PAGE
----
SW Legal Educational Publishing

States May Not Interfere with Foreign Trade Law
Description The Supreme Court unanimously struck down a Massachusetts law restricting purchases by the state from companies that do business with Burma. This violates the Supremacy Clause of the Constitution that gives the federal government control of foreign affairs.
Topic Constitutional Law
Key Words Supremacy Clause; State Boycotts
C A S E   S U M M A R Y
Facts Massachusetts passed a law barring the state and its agencies from buying goods or services from companies doing business with Burma (Myanmar). A nonprofit corporation representing member companies that engage in foreign trade challenged the constitutionality of the Burma Law. The district court granted summary judgment for the plaintiff. That decision was affirmed by the court of appeals. Massachusetts appealed.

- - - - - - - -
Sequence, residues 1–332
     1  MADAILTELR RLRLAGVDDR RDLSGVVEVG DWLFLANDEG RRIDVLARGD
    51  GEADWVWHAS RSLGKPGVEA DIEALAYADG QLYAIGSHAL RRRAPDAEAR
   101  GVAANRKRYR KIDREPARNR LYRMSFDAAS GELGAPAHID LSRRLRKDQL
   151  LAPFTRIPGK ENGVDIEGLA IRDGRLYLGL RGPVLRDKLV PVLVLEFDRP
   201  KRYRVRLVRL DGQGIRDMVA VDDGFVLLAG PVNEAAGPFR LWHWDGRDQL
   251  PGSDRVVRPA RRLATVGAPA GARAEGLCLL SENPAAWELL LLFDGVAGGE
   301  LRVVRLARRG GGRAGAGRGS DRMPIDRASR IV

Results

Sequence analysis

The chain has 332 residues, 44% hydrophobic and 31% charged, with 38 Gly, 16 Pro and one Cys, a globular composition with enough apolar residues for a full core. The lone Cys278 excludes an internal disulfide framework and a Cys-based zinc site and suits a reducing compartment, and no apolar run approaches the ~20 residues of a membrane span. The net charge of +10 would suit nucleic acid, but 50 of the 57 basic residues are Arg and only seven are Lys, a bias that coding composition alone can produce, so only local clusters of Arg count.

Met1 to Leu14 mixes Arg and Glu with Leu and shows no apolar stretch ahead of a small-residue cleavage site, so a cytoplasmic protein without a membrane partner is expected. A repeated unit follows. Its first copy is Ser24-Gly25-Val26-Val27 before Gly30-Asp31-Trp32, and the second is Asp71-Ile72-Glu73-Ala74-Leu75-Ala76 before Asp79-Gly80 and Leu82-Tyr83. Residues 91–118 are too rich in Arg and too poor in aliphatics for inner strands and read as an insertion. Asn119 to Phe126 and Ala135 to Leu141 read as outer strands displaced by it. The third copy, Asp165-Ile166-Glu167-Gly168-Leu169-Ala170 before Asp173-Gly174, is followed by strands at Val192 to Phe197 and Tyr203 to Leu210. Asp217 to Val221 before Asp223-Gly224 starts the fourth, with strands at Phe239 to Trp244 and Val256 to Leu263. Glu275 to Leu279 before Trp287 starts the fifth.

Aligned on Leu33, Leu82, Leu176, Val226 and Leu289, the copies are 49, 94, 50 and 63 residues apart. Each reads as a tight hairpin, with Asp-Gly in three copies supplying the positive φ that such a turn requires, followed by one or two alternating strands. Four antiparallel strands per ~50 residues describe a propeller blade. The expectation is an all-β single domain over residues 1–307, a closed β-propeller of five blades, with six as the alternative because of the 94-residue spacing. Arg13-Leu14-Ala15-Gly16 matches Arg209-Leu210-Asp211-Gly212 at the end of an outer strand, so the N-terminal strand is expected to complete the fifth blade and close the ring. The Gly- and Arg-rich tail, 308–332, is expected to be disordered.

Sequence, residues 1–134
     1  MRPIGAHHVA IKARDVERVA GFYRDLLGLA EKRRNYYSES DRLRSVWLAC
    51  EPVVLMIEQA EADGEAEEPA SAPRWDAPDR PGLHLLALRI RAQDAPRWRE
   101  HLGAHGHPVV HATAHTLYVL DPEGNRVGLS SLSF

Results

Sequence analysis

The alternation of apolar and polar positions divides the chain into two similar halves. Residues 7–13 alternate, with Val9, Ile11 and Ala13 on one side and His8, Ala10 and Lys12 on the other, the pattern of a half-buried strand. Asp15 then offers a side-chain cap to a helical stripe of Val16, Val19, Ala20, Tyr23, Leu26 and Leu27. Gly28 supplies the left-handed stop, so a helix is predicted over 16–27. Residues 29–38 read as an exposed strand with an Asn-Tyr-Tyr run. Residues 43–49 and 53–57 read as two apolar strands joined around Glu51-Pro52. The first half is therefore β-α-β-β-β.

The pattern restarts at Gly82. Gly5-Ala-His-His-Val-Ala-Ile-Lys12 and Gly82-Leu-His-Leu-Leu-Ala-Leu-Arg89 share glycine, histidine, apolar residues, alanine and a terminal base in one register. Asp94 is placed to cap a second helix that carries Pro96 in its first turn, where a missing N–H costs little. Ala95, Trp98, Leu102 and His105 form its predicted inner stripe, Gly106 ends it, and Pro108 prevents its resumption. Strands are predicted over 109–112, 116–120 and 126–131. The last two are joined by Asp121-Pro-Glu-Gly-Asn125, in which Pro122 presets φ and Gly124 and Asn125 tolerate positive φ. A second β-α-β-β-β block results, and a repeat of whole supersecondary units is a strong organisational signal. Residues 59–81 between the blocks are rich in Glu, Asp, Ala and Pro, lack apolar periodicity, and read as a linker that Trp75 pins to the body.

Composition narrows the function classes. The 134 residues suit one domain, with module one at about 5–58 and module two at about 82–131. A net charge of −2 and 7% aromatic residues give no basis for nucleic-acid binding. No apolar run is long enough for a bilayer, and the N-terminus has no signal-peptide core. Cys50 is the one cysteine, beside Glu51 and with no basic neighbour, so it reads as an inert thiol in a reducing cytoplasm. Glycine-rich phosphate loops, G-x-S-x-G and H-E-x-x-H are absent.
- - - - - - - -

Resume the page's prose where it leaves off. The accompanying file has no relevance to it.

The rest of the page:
Decision Affirmed. The Massachusetts law is unconstitutional. Under the Supremacy Clause, unless Congress allows otherwise, states may not intervene in this area. Just because the federal government has imposed some sanctions against Burma does not mean that the states are free to act in that regard.
Citation Crosby v. National Foreign Trade Council, S.Ct. (2000 WL 775550, 2000)

Back to Constitutional Law Listings

©1997-2001  South-Western, a division of Cengage Learning, Inc. Cengage Learning is a trademark used herein under license.